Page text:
My first memory is of a spider. In the memory, it’s sunset in the summertime. I’m not sure I’d ever been up that late: Michigan sits on the edge of the Eastern Time zone, so the sky in summer remains light until nearly ten o’clock. In the memory, I am standing on my big girl bed in the first house my parents owned, a tiny two-bedroom in the village of Flushing. They moved out to the farm just before I started kindergarten, so at the oldest, I was four when the memory was made.
I stood up on my bed and gazed out the window at the blood-smeared sunset. I’d never seen the sky look so beautiful. On the opposite side of the screen, a spider web spanned the window. I was fascinated by its intricate connections. Across it ambled a black spider. At some point, she pirouetted on the web to reveal the crimson hourglass burning on her belly.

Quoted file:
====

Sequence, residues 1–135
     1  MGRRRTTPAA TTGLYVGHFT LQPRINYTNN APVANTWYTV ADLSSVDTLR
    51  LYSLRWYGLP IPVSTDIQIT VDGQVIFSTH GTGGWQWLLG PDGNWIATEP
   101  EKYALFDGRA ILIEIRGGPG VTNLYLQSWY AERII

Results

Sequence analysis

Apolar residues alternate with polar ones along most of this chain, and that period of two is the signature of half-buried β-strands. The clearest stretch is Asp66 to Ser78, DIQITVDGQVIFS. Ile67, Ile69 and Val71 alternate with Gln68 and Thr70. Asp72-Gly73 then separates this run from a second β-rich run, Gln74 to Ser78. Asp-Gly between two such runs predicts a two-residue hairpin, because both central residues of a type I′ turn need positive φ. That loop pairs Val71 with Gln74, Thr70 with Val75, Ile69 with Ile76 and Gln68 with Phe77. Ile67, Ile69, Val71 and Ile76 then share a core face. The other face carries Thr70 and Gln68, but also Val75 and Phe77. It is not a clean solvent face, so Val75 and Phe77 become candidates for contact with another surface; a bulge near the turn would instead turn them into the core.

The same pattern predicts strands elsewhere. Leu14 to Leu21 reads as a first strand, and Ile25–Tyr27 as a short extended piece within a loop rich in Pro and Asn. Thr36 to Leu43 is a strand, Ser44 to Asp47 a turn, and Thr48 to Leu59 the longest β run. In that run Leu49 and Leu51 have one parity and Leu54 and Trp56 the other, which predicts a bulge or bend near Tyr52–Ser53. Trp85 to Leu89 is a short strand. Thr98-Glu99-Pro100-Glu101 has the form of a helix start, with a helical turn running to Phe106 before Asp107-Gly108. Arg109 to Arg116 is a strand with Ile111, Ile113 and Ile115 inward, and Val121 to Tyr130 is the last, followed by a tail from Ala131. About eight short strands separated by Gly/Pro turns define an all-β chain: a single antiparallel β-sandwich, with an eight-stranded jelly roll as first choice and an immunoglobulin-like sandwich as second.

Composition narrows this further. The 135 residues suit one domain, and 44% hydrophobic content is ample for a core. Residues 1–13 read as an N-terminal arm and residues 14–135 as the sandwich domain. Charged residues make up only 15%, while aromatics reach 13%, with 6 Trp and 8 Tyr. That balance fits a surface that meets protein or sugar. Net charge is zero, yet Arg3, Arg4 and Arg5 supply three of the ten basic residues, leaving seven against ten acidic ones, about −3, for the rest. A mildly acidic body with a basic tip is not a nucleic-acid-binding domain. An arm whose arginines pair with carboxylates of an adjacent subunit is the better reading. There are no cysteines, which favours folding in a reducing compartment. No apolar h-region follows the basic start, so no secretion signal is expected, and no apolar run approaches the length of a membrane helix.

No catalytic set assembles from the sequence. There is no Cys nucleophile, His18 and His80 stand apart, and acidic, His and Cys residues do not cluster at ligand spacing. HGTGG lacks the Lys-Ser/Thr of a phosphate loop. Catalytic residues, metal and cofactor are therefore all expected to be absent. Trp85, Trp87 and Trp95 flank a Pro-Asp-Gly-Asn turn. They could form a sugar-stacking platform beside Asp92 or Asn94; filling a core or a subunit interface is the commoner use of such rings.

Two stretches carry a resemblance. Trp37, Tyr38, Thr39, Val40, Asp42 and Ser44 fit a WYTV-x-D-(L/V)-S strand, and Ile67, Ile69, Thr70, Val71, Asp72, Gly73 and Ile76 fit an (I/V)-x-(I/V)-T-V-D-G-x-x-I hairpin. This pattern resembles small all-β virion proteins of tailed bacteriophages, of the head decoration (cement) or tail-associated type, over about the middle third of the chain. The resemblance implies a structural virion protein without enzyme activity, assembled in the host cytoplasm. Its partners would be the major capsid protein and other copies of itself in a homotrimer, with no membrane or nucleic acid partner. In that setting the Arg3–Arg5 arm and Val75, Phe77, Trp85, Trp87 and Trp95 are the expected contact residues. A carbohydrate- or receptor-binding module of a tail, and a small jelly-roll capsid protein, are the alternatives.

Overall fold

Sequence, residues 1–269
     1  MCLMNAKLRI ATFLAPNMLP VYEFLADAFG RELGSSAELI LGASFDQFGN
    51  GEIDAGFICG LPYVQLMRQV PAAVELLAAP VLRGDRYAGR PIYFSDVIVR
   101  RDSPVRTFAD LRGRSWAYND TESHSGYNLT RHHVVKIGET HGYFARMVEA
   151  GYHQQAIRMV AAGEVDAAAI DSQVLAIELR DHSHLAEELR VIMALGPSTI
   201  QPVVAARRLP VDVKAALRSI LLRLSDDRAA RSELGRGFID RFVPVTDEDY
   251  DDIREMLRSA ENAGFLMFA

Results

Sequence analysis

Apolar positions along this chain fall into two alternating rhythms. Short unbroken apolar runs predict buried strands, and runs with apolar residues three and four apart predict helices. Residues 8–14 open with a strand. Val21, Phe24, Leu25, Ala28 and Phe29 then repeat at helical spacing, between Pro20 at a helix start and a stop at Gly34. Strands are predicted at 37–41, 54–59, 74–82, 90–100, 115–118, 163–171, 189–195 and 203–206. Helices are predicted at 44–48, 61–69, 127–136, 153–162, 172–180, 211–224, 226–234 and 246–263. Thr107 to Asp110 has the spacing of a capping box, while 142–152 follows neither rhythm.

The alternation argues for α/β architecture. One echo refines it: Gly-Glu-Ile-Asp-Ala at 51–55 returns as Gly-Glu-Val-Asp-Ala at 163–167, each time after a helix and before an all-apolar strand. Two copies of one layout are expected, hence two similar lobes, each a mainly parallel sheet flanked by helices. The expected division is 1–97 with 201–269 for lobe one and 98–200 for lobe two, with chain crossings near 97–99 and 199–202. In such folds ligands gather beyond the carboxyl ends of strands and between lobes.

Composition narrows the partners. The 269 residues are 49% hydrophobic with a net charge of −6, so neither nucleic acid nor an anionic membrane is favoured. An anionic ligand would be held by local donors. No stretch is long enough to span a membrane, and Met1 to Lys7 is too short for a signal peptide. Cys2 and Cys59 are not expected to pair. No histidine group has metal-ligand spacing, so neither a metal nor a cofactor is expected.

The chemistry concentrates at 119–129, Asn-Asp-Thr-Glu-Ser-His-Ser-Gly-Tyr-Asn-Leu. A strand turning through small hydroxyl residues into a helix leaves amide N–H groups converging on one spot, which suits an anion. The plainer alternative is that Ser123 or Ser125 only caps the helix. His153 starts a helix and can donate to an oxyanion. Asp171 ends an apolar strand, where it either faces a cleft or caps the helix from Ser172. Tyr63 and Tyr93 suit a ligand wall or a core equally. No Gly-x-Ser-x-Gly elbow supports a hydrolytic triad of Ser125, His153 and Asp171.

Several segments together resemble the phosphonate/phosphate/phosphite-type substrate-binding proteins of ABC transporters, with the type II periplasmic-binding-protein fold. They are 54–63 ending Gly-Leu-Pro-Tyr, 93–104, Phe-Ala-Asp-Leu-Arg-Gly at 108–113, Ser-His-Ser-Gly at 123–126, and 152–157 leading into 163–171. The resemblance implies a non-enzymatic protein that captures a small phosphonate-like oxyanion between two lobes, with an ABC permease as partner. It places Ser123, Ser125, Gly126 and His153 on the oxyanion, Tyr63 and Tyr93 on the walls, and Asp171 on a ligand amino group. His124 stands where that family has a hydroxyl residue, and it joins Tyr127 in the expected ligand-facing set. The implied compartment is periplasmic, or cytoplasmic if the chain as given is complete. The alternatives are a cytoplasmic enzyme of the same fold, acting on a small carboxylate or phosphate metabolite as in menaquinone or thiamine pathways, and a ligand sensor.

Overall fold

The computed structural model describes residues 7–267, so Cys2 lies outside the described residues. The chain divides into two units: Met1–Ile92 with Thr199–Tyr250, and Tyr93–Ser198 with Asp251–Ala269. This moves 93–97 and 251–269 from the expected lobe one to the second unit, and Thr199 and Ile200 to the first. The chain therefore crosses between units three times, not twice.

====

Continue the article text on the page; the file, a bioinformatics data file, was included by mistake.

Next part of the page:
I knew the spider was scary, but I’m not sure I understood why. I slammed the window shut. Despite the humidity, I huddled down on my bed, pulling the sheet over my trembling body. I cried myself to sleep.
The problem with this memory, of course, is that while Michigan has black widow spiders, they prefer woodland to suburbia. They don’t spin webs that are in any sense geometric. They favor holes and woodpiles and undisturbed brush to a west-facing window in town.
It’s more likely that I saw a black widow on Mutual of Omaha’s Wild Kingdom or some other nature show on TV. Perhaps what I think of as the earliest thing I can remember is merely the earliest dream I can recall, the primal nightmare.
For years I treasured the memory of that spider, that fear, as the first conscious experience imprinted on my soul. Only decades later, when I played for a while with the idea of writing an autobiography, did I realize that the memory could not possibly be true.